With mild summer conditions proving a catalyst, preventative action using cultural control methods is encouraged to effectively manage filamentous algae.
Filamentous algae, known as blanket weed, begins life underwater forming visible mats of weed near the surface or clinging to plants after considerable growth below surface has occurred.
Left untreated, this common weed spreads quickly and can cover the entire surface of a pond, reducing light and available oxygen leading to risk to aquatic life. At this stage, biological treatments will no longer be as effective.
Dr Abigail Graceson, Technical Manager for Agrovista Amenity said: "When filamentous algae are allowed to proliferate to the stage where the majority of the water's surface is covered, our solutions are limited."
"That's why it's important to take a long-term approach to management. This includes reducing the use of fertilisers close to the water's edge, increasing the amount of oxygenating plants, and creating a buffer zone around the edge of aquatic and semi-aquatic plants."
Products which can help to manage pond algae fall into three categories - biological, enzymatic and physical. Biological products manipulate the aquatic environment through introduction of bacteria which feed on excess nitrates and phosphates in the water, reducing their availability to the algae.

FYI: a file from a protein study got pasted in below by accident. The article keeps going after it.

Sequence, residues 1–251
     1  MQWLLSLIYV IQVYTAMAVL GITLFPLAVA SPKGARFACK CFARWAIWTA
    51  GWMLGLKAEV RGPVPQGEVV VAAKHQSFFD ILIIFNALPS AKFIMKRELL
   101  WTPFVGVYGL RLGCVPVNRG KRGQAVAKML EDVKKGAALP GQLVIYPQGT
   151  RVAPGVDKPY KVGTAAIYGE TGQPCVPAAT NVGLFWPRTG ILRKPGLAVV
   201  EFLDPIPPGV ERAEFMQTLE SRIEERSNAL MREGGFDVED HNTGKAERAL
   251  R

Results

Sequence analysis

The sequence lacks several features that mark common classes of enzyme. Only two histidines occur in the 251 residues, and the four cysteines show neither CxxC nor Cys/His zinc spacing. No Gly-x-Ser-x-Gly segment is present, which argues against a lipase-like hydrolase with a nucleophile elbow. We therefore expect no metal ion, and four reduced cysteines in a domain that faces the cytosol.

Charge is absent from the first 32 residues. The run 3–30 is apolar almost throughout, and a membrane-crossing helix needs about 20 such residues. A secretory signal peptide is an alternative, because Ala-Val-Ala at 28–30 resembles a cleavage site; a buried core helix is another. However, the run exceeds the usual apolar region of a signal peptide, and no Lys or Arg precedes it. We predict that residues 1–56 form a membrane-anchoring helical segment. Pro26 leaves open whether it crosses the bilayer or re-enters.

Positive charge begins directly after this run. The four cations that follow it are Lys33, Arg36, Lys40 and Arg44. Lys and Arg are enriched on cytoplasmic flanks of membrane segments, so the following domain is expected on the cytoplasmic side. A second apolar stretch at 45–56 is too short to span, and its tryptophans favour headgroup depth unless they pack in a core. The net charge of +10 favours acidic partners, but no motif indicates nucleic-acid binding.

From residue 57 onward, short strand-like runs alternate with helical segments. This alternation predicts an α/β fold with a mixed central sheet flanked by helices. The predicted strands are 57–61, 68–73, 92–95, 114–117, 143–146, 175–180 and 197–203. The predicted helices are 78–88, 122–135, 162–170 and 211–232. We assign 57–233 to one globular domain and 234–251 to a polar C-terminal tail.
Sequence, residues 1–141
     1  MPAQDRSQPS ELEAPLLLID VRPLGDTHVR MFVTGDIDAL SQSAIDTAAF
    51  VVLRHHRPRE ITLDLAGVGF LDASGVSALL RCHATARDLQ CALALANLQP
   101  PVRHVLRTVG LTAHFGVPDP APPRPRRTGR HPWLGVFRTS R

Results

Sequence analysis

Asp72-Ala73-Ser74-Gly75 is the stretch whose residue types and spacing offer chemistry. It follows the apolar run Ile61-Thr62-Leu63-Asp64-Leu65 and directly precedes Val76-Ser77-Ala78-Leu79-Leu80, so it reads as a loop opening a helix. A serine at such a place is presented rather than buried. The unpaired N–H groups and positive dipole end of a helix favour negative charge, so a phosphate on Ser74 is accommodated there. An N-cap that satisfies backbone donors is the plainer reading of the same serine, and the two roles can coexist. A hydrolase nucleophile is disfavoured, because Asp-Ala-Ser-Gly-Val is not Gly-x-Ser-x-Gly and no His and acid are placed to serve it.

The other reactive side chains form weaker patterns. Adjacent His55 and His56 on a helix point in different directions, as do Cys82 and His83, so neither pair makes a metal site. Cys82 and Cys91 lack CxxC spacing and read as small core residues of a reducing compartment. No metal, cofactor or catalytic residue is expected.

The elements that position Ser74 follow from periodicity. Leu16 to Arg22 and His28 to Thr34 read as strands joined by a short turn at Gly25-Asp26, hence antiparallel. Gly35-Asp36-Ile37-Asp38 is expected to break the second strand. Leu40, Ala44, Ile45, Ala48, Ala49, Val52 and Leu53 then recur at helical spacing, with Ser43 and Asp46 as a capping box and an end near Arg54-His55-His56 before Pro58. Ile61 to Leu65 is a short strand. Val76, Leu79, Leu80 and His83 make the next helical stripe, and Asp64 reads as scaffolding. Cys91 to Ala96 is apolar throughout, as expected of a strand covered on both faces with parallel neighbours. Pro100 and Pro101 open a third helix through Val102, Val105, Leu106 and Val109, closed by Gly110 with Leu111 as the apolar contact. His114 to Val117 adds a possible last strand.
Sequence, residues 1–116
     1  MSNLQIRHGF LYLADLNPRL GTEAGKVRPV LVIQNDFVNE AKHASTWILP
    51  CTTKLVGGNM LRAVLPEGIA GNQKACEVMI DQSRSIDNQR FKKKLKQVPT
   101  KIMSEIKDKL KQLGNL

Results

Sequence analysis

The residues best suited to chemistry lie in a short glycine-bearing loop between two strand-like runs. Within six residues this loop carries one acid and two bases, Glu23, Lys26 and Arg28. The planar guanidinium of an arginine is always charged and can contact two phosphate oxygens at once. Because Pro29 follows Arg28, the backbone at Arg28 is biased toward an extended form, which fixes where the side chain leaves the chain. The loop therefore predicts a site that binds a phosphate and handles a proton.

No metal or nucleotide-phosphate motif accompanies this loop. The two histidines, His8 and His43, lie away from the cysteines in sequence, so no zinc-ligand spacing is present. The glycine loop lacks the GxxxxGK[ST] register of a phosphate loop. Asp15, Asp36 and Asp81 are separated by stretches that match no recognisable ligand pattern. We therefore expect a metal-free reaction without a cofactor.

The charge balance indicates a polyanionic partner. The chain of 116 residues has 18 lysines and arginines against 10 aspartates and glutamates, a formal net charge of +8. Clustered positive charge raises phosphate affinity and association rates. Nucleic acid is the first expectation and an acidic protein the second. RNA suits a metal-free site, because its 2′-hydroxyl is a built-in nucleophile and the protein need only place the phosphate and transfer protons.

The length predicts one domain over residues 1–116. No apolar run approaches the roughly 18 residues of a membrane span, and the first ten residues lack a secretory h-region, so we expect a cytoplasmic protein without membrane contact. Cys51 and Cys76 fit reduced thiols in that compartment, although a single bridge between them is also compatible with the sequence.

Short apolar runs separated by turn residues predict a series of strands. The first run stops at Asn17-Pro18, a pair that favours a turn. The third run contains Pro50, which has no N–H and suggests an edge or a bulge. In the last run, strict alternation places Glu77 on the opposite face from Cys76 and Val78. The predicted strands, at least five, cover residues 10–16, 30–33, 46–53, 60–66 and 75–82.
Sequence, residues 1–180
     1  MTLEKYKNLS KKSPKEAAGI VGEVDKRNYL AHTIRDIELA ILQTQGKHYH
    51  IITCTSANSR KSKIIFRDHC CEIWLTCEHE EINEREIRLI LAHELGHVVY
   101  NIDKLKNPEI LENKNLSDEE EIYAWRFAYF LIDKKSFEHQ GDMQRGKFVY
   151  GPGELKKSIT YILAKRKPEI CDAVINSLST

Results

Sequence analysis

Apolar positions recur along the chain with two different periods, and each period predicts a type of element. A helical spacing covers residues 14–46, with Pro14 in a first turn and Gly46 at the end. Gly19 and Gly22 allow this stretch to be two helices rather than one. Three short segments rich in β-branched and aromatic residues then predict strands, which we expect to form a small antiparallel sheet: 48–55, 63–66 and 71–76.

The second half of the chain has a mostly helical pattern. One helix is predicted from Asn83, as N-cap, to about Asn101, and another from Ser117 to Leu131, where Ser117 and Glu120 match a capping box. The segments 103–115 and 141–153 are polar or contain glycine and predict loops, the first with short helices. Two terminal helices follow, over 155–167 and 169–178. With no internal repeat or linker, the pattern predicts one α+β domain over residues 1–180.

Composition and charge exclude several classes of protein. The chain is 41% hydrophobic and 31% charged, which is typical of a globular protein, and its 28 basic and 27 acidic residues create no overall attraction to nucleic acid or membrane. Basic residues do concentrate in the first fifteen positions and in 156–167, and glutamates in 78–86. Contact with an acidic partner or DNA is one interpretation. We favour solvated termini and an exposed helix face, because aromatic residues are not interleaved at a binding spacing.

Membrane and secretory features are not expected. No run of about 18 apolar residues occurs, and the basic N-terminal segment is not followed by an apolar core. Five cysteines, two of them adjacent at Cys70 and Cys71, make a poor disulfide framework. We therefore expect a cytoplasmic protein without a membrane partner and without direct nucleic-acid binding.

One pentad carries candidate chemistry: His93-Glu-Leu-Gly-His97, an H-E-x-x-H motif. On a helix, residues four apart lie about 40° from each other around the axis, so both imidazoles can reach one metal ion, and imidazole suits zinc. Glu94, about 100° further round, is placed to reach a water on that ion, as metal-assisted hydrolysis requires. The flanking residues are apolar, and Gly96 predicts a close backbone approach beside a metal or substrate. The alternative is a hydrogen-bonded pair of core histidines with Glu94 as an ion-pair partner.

Enzymatic products disrupt the molecular structure of weed, causing the plant to completely break apart.
Finally, there are two main types of physical products - dyes which reduce the amount of sunlight penetrating below the surface of the water; and products which capture the algae within a substrate preventing it from absorbing nutrients.
Dr Graceson recommends understanding why the algae is growing excessively in the first place, to help inform control methods and product selection. With no authorised traditional chemical control treatments, often physical intervention will be required once algae have become established.
She added: "Enzymatic products are likely to assist with the control of existing problematic algae, but most treatment options are most effective when applied preventatively, or at the very start of visible signs of excessive algal growth. If sufficient amounts of algae are removed through physical methods, such as through raking, then a bacteria-based product may then help with ongoing control."
"If you are concerned about removing aquatic creatures during physical removal of algae, leave the algae at the side of the pond for a short while so they can return to the water."
For further algae control advice, contact firstname.lastname@example.org